perspective of life. From the earliest starting point to the finish of the story, the tone and impression of the written work is
one that is grave and also the characters never appear to be free of risk. The four men are continually battling against
something; waves, sharks, their muscles, their mind, their acknowledgment of a nature they don't control. It’s this putting
down of the focal characters that lead Crane's piece to be the most critical. This tone is extremely naturalistic in light of the
fact that it adds to a sentiment of vicious life and little control. The characters are constantly miserable on the grounds that
they are not operators of choice, as the pragmatists accepted, however, they are manikins to the sea and the breezes and
their soil.

These puppeteers of the characters are the outer powers that the characters must battle yet will, at last, lose to
regardless. As an account of naturalism, Crane's characters are left to the arbitrariness of outside powers whether that is
destiny, nature, or a power past those two. On account of "The Open Boat," the powers working on the character are too
great extent ones of nature and destiny. The men are frequently asking why destiny has brought them so far just to
suffocate them, yet what they neglect to acknowledge is that destiny had nothing to do with it. Destiny was not toying with
them nor was destiny proposing to suffocate them. Actually, destiny had nothing to do with it at all in light of the fact that
the demonstrations that chanced upon these men were irregular and was wild by them. This is the pith of naturalism – an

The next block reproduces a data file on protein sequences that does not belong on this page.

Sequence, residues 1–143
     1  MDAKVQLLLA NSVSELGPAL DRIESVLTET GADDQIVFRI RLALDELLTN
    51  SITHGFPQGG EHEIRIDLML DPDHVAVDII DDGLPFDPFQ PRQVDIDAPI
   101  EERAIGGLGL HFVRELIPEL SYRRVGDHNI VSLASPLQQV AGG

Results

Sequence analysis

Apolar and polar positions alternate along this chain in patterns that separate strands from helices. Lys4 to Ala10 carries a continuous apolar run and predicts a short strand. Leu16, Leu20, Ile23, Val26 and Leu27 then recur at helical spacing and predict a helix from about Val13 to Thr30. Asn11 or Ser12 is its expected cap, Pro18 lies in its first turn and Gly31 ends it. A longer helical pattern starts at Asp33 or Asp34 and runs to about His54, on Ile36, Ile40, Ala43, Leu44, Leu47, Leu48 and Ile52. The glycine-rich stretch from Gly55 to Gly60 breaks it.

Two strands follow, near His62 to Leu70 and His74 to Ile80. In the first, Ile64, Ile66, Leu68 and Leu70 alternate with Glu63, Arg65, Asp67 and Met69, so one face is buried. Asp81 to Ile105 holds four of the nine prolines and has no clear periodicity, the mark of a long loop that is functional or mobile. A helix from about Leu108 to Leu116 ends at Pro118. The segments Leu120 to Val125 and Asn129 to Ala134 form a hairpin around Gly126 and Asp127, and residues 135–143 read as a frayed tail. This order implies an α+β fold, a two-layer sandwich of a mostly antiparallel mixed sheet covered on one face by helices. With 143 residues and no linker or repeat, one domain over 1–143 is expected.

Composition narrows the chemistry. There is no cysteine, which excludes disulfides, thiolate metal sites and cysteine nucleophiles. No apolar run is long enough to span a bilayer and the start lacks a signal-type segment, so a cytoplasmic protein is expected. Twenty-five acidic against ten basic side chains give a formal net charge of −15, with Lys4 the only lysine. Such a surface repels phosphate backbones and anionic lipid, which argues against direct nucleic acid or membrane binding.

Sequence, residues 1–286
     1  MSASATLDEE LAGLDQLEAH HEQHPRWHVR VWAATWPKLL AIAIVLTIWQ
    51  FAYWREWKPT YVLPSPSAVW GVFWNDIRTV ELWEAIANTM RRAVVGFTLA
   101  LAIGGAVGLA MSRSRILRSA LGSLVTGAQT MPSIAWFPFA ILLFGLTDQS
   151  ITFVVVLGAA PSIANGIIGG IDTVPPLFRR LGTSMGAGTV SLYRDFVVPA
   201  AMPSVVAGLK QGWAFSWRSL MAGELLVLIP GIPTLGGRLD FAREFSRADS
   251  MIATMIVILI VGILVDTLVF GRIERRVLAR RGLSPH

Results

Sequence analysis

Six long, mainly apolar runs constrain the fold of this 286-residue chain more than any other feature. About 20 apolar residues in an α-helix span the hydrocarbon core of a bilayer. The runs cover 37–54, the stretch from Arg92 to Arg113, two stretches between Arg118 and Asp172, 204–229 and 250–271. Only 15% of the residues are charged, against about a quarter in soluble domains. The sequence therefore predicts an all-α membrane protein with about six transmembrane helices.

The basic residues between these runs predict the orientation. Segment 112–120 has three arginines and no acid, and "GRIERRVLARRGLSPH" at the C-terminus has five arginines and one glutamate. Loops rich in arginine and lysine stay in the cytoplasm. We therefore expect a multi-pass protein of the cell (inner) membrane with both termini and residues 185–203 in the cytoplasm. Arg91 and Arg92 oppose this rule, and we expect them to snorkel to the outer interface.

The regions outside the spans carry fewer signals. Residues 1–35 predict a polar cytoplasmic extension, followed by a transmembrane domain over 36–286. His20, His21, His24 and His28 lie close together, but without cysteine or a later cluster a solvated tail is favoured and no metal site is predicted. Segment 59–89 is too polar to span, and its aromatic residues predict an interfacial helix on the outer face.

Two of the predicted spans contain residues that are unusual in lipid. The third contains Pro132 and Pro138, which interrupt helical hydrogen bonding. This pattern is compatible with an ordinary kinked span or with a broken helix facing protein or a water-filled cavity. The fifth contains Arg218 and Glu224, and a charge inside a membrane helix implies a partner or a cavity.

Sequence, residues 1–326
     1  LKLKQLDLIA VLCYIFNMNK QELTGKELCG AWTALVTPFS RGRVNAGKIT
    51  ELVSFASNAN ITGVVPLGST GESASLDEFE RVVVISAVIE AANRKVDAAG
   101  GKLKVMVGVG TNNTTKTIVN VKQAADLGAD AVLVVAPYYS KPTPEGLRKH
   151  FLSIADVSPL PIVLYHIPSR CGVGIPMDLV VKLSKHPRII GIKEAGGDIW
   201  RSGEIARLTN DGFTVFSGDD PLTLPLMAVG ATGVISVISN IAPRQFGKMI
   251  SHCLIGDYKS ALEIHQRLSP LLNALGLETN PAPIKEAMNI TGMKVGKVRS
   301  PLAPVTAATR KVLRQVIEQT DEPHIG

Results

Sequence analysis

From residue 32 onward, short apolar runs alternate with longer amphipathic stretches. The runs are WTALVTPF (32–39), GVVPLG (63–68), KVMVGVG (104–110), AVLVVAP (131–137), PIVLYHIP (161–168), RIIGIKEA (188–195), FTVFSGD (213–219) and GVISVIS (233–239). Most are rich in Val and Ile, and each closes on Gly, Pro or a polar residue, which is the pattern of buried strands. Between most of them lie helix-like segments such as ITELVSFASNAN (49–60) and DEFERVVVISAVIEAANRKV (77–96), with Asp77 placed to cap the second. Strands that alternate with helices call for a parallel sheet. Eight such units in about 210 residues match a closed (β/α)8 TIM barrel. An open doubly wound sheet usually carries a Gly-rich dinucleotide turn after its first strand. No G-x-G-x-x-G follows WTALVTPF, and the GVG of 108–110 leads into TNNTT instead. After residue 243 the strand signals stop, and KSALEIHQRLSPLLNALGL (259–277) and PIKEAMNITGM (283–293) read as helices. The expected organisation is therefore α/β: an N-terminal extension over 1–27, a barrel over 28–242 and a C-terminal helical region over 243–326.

absence of control.

While destiny isn't controlling the characters, it is definitely nature. The sea, the streams, the breezes,
the temperature of the ocean, the sun rising and setting; these are generally factors of nature that assume a part in how the
men are influenced while floating in their soil. Be that as it may, these elements are likewise altogether unconcerned.
They are arbitrary. Crane takes note of that "wrecks are with reference to nothing," and even states clearly in reference to
nature that "she was detached, straight impassive." In the story, this is viewed as sharks travel every which way, wind

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Stephen Crane’s Naturalism with Special Reference to ‘The Open Boat’ 253

changes bearings and the sun is viewed as just there. Nature has no inclination toward these men. On the off chance that it
did, for what reason would it execute the most grounded swimmer in the oiler? Nature is a substance that goes about as
itself and the individuals who act inside it are liable to its irregularity and power.

CONCLUSIONS

Crane's "The Open Boat" is an ideal piece to look at the naturalistic method of composing. It contains components
that incorporate a cynical tone and outside powers that are unconcerned with the characters in the story. As a naturalist,
Stephen Crane is a pioneer.

REFERENCES

1. Campbell, Donna M. “Naturalism in American Literature.” Literary Movements. 2007.


http://www.wsu.edu/~campbelld/amlit/natural.htm. (9 April 2008)

2. Crane, Stphen. The Open Boat. The Heath Anthology of American Literature. 5th Ed. Vols. C, D, & E:
1865-Present. Ed. Paul Lauter. Boston: Houghton Mifflin Company, 2006.

3. Bassan Maurice. 1967. Stephen Crane: A Collection of critical essay. New York.

4. Prentice hall, Inc Englewood.

5. Foester, Norman and Falk, Robert. 1962. American Poetry and Prose. Boston.

6. Houghton Miffin Co.

7. Guerin, Wilfred, et al, 1979, A Hand book of Critical Approaches to literature, New

8. York Harper and Row Publisher Inc.